Cosmetic Dentistry Blog Cosmetic and General Dentistry Questions Answered

January 24, 2018

The filling in my root canal tooth came out

Filed under: Root canals — Tags: , , , , — mesasmiles @ 6:10 pm

We thank our advertisers who help fund this site.

Dr. Hall,
So it might sound a little crazy, but I had a root canal done a few years ago. Since then I haven’t been to the dentist, and can’t currently go due to financial problems and no health insurance. Since it’s been so long the cap or synthetic tooth, has fallen out and is now revealing a metal rod. The rod seems to be moving back and forth. What would be my best option? Can I remove the metal rod myself? Should I just leave it till it falls off or till I can get to a dentist?
Heather from Pennsylvania

Heather,
You really need to go to a dentist for a simple replacement of the temporary filling material. And knowing that your finances are strained, you may be able to talk some compassionate dentist into doing this very cheaply or even for nothing at all. Goodness, a dental assistant could do this for you—just get some Cavit and plug it into the hole. Otherwise, you’re going to lose this tooth. Cavit is a simple temporary filling material that comes out of the tube as a paste but when placed in a moist environment like your mouth it hardens. Since it requires no mixing or tray of tools, it can be placed in a few seconds.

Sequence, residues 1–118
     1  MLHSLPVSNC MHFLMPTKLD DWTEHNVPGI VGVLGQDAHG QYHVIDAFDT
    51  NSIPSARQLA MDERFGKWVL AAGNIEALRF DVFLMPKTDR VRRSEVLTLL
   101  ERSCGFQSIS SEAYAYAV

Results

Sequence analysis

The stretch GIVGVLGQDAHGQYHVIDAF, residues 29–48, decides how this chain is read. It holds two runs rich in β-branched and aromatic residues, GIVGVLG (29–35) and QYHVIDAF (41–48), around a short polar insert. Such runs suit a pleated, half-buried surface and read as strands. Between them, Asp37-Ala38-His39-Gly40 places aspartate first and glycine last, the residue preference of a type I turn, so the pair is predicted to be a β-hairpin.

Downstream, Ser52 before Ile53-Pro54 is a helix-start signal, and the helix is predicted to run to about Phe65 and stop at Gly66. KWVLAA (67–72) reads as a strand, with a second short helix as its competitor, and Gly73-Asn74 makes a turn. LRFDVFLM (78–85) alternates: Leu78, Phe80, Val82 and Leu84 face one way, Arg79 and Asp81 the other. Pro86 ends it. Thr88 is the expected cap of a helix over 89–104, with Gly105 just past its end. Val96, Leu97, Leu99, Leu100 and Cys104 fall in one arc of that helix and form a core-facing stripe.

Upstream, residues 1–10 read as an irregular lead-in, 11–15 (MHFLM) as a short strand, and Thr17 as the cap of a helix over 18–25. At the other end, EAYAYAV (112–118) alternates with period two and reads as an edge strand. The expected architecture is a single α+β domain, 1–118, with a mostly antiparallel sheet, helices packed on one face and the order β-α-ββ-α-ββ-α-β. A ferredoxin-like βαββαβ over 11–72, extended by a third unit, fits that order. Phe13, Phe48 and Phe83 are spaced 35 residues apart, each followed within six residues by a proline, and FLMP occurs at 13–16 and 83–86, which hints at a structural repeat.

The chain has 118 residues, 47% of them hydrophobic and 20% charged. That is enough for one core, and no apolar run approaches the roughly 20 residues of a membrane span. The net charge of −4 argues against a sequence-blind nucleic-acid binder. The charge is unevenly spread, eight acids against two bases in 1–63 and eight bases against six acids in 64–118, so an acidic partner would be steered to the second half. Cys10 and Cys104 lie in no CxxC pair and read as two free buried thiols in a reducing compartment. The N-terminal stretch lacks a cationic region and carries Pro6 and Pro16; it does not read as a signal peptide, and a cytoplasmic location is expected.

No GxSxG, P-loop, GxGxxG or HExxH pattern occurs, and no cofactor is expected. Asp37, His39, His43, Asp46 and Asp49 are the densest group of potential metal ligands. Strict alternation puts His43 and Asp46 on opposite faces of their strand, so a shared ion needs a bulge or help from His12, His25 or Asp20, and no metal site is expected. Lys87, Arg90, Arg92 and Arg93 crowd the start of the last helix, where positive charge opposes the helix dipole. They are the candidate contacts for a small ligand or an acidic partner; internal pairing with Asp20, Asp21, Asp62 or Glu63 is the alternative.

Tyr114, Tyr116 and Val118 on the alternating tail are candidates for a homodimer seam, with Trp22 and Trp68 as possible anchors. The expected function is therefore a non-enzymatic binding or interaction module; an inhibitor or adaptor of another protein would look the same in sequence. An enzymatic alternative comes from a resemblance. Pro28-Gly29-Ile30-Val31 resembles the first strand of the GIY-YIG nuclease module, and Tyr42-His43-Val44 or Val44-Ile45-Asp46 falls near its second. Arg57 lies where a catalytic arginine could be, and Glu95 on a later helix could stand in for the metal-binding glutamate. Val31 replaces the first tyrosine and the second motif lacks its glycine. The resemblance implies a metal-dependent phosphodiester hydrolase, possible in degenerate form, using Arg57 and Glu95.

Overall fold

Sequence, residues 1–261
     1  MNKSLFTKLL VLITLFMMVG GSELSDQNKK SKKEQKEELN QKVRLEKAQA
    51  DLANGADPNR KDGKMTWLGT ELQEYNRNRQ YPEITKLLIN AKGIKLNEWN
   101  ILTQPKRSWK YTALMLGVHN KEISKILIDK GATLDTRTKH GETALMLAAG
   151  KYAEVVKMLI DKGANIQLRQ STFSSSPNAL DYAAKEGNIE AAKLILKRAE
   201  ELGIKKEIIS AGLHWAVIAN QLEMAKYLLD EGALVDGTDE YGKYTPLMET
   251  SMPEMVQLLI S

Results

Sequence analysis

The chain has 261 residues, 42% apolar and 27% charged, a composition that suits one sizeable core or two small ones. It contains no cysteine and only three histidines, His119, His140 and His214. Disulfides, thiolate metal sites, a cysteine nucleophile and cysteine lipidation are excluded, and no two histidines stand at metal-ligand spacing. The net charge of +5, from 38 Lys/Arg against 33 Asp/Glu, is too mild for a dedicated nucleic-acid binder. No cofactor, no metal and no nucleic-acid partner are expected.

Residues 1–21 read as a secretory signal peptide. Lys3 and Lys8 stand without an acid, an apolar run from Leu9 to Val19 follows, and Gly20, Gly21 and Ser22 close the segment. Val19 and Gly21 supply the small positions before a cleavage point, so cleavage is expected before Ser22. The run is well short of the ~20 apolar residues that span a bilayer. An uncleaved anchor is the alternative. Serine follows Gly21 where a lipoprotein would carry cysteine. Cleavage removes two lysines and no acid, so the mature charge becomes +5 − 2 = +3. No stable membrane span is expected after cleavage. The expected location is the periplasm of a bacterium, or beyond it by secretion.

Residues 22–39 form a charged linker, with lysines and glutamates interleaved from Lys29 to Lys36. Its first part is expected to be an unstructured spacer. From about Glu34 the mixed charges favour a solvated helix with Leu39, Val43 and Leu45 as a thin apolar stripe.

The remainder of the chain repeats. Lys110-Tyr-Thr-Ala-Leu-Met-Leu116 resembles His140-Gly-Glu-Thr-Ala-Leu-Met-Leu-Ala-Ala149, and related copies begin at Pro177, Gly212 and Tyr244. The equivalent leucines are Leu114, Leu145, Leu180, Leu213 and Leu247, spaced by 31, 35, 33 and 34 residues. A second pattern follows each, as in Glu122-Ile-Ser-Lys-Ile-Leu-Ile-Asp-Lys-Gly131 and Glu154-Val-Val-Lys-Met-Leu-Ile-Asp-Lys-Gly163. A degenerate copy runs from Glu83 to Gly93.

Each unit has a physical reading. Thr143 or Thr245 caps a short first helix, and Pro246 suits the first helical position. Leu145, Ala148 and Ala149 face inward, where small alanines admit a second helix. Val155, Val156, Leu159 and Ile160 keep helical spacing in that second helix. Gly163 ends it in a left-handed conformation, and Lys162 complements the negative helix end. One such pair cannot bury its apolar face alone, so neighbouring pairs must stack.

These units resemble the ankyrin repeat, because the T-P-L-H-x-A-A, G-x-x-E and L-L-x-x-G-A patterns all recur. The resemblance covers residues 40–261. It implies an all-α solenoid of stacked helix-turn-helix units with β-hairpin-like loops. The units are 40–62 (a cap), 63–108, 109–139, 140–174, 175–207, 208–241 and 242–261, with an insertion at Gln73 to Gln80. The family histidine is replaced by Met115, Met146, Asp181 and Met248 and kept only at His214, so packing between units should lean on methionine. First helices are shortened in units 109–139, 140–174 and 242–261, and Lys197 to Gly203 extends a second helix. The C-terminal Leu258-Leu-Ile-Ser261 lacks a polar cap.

When a tooth has a root canal treatment, the root canal filling material then needs to be protected against the oral fluids. Otherwise, saliva will seep down and loosen that root canal filling, which allows the tooth to become re-infected. This causes failure of the root canal treatment. The tooth would then need a new root canal filling in order to save it. So the dentist will put in a temporary filling and then plan when to finish the treatment of the tooth, probably protecting it with a crown.